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Published:14 May 2009
Tom Hank, plays Professor Robert Langdon in Angels and Demons
Tom Hank, plays Professor Robert Langdon in Angels and Demons
Angels, demons and a hellish film experience!

Directed by Ron Howard
Certificate 12a

DAN Brown may be a publishing phenomenon whose pulp fiction has millions of dedicated followers, but the film adaptations of his best-selling quasi-religious thrillers fail completely to capture the fast-paced, trashy fun he wallops through in his writing.
And this film, which brings back symbologist Professor Robert Langdon to unravel the usual dastardly plot, takes a poor story and turns it into a virtually unfollowable romp through the Renaissance churches of Rome.
One of the problems facing lead man Langdon (Tom Hanks) is the large tranches of gooble-di-gook he and his sidekick physicist Vittoria Vetra (Ayelt Zurer) are asked to say with a deadly, deadly serious faces on, while poor Ewan McGregor’s lines are as silly as anything he had to spout in the new Star Wars flicks.
With such a heavy slant on cod-Latin phrases and totally unbelievable faux-Catholic mysticalism right from the start, it’s just impossible to take it seriously.
We meet Langdon in his east coast university, idly lecturing à la Indiana Jones despite the excitement he caused in the Da Vinci Code. But his Massachusetts idyll is shattered when a Vatican envoy rushes to his book-lined office and spurts out that there is a dastardly plot afoot that only he can possibly thwart.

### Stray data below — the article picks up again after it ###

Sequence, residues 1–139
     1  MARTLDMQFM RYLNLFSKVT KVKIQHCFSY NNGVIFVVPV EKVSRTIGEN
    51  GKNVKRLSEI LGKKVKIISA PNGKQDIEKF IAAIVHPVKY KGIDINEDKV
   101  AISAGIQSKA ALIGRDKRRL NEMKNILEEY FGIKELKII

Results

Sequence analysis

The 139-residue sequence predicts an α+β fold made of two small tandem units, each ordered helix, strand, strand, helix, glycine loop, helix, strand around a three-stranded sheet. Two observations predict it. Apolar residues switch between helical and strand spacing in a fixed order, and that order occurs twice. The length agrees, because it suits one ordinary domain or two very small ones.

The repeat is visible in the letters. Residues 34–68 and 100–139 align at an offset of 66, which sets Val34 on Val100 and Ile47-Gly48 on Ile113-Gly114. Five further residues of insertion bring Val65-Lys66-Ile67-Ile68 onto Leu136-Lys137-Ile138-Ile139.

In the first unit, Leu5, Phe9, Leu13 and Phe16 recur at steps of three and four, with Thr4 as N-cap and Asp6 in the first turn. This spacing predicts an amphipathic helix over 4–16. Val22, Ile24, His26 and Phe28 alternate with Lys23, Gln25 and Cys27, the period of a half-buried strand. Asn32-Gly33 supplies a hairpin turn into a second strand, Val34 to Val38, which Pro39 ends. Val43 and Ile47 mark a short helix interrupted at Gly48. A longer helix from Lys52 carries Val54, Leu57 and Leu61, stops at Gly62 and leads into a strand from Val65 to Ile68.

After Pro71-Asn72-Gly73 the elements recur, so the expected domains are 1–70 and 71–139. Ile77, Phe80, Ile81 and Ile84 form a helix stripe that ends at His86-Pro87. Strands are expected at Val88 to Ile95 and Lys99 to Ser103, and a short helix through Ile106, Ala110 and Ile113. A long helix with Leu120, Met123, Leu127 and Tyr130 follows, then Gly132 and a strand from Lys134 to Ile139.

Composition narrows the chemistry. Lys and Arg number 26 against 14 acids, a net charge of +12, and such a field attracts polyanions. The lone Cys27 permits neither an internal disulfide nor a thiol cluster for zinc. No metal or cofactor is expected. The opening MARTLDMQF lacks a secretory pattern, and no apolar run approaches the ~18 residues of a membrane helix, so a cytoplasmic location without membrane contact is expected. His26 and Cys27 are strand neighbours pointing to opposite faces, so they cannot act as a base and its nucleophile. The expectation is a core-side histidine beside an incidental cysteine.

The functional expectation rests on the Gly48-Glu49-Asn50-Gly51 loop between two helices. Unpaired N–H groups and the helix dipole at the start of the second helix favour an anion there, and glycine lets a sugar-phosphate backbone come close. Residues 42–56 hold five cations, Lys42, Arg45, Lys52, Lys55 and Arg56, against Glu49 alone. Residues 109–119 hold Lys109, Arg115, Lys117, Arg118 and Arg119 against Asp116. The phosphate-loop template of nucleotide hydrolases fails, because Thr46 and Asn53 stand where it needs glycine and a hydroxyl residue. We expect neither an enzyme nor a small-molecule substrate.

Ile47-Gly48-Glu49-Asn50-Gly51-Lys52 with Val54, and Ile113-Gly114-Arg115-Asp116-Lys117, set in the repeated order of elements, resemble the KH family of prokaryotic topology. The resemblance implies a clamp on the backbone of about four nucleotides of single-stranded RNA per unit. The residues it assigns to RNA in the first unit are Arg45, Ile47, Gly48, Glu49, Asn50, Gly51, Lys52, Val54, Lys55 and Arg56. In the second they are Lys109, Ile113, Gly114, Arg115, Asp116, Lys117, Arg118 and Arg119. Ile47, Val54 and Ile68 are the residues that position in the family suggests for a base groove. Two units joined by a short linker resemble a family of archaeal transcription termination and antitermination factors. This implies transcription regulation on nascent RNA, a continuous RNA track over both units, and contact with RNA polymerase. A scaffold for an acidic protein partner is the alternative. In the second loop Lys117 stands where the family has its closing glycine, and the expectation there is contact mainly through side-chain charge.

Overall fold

The Pope has died and while the new pontiff is being chosen, a deadly plan has been uncovered. Four of the “Preferri” – the bishops who possibly could become the next head of the church – have been kidnapped by a secret anti-clerical society called the “Illumanti” and are going to be branded with mysterious symbols and killed in wonderfully original ways.
To make matters worse, a bomb has been planted somewhere in the city state and will explode at midnight – taking the whole centre of the Catholic Church with it.
This is no ordinary bomb, it is a funky looking test tube of anti-matter, stolen from the Hadron Collider project in Switzerland. You remember the machine that was turned on last year to smash atoms against each other and reproduce the Big Bang? Well, the anti-matter bomb is the product of that experiment to find the “God Particle”.
Brown’s base for his novel is the war between religion and science, and whether this can ever be settled.
But while on the pages of a trashy holiday read such premises can be simply played out with the reader allowed to use their imaginations to fill in the many, many holes in the story, on screen it is just far too preposterous to hold the imagination, and the physics and philosophy is explained in such clunking language it’s as painful as sitting through a GCSE science exam.
Other passages, which occur frequently, extol the greatness of the Catholic Church and seem to merely have been put in place to deflect any criticism Christians may have, as they did for the Da Vinci Code.
Most of the action takes place under ornate manhole covers or along narrow stone staircases.
It fails to use the exciting streets of a Pope-less Rome to any great extent.
The twist at the end fails to surprise and if this is what his agent is lining up for him, you can understand why McGregor has taken time out from the movies to drive large motorbikes in the wilderness.
Total, utter, drivel.

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